Thursday 23 Jan 2020
17:30 – 19:00
Room 123a, Gilmorehill Centre, University of Glasgow G12 8QQ
Helen Mayer Harrison (1927-2018) and Newton Harrison (b.1932) are pioneers in bringing together art and ecology. Their work is combinations of text and image, always intended to ask us to put ecosystemic health and well-being first in all our decision-making. More timely than ever, their works speak to improvisation and offer ways to think about adaptation. The Harrisons worked together in a fifty-year partnership drawing on their skills as researchers and artists to engage different publics across the globe in understanding the entangled nature of rising temperatures, loss of biodiversity, sea level rise among other issues. They pose the question of how we as a human species among many others will cope with these changes. Reading (or re-enacting) the Harrisons works is a process of exploration of experience and meaning distinct from critical writing (which we have also done). We will perform a selection of texts chosen from three periods of the Harrisons’ work. We will introduce each of these readings with a view to developing a shared discussion on what the arts contribute to the current environmental crisis
* Harrison, H.M. and Harrison, N. 2001. From There to Here. San Diego: Harrison Studio
Anne Douglas is an artist and researcher. She has focused over the past 25 years on developing research into the changing nature of art in public life, increasingly in relation to environmental change. She has published extensively on artistic leadership, improvisation and participation exploring the function and poetics of exemplary artistic practices, including that of the Harrisons, the latter in collaboration with Chris Fremantle. She is a professor emeritus from Robert Gordon University, Aberdeen and continues to develop and support practice led research through the arts at doctoral and postdoctoral levels.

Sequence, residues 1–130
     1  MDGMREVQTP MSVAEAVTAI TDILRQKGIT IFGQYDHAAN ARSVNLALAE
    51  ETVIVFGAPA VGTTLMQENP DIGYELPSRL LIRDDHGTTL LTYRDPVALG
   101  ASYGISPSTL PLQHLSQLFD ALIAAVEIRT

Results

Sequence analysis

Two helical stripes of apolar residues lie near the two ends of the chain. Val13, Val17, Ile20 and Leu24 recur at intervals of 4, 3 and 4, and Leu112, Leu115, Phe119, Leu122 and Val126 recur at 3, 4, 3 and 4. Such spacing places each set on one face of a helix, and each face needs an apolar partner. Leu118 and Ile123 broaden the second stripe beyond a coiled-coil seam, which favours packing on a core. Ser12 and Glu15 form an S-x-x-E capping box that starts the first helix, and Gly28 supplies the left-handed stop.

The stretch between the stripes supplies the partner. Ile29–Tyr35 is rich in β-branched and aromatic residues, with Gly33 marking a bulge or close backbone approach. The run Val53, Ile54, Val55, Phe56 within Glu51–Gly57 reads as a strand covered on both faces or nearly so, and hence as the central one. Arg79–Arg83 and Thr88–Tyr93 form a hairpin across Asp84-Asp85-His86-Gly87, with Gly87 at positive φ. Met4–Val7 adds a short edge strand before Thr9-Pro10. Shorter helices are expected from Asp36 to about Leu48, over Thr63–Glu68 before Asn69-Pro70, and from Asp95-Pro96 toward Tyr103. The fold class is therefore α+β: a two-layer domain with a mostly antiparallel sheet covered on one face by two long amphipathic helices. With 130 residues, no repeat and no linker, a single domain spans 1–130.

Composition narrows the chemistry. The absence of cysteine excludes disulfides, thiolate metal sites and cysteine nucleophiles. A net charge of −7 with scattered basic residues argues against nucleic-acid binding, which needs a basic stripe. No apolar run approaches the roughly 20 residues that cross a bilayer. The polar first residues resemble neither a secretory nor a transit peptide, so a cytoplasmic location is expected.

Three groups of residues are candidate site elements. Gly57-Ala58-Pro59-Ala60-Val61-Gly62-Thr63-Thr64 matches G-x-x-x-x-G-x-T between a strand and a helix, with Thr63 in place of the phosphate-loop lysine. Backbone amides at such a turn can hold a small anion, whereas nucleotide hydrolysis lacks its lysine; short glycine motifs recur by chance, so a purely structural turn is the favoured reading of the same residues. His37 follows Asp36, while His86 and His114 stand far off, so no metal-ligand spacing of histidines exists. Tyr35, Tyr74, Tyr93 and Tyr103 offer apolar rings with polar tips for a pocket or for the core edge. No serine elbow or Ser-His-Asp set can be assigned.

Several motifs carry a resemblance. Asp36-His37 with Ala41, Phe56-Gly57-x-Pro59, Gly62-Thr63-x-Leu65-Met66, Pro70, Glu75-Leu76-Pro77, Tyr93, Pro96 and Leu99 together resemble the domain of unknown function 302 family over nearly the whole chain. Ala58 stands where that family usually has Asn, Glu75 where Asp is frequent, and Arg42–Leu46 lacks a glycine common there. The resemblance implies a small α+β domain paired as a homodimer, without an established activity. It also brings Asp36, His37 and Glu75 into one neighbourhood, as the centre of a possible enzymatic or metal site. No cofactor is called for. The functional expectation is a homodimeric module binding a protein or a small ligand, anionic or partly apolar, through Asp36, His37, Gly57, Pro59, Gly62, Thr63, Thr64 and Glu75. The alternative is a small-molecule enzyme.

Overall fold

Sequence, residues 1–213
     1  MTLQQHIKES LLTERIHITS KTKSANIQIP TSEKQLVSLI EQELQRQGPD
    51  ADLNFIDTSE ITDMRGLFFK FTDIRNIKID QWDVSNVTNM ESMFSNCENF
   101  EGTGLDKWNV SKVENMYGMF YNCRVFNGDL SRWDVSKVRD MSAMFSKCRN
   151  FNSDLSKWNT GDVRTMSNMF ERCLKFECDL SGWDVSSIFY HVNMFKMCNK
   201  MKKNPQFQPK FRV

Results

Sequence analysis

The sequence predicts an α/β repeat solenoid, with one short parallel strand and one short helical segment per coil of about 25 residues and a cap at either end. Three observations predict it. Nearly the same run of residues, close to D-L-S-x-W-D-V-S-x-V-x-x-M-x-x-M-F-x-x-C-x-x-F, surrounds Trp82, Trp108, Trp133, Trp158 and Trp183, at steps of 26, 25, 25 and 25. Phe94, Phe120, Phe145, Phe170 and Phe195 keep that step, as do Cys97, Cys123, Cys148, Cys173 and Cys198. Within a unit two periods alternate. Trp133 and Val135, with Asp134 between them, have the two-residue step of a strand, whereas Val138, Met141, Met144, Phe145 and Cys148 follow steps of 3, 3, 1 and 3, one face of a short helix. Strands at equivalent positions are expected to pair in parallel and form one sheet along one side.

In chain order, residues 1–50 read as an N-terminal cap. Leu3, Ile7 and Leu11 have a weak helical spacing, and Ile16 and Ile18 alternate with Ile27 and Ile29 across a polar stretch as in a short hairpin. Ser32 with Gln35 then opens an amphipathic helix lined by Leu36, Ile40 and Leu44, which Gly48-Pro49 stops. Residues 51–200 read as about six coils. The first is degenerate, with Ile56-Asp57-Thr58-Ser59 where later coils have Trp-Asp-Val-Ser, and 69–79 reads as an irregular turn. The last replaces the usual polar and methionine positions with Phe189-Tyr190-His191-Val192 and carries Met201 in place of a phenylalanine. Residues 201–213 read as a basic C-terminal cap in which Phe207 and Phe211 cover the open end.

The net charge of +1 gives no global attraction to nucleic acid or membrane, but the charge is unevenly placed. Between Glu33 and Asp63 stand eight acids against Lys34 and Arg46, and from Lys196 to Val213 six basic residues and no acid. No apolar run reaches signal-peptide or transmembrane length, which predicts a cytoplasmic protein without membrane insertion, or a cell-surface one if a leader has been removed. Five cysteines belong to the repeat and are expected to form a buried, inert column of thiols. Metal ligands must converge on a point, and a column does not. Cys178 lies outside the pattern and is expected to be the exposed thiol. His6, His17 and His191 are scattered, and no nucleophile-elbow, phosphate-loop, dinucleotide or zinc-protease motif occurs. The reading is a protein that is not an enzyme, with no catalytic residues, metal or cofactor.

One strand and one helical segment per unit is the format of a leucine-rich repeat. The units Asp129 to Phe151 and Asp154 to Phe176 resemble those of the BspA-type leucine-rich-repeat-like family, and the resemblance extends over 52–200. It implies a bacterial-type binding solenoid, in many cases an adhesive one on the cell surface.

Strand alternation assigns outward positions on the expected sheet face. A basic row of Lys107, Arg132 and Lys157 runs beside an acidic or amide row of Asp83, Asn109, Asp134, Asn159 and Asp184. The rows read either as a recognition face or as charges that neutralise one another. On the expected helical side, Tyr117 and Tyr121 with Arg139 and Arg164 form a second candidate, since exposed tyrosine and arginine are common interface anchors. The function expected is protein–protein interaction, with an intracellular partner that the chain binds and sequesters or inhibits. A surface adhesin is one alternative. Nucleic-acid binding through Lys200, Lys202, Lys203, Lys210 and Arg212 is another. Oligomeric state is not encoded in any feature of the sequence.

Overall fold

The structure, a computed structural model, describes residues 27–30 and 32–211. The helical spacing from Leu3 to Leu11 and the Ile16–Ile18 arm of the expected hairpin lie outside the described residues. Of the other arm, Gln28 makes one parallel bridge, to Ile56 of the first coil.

Chris Fremantle is a Research Fellow and Lecturer as well as a Producer for art projects across health and environment. He has worked as Producer on the Harrisons’ work Greenhouse Britain: Losing Ground, Gaining Wisdom (2006-09) and more recently as Associate with On the Deep Wealth of this Nation, Scotland. Together with Anne Douglas, he has written on the practice of the Harrisons. Chris established ecoartscotland in 2010 and has been Chair of the Art Focus Group for the Ramsar Culture Network since 2016. He studied English and Philosophy and has a Masters in Cultural History.
This is the first in a series of ecology related events hosted by the College of Arts in response to COP26.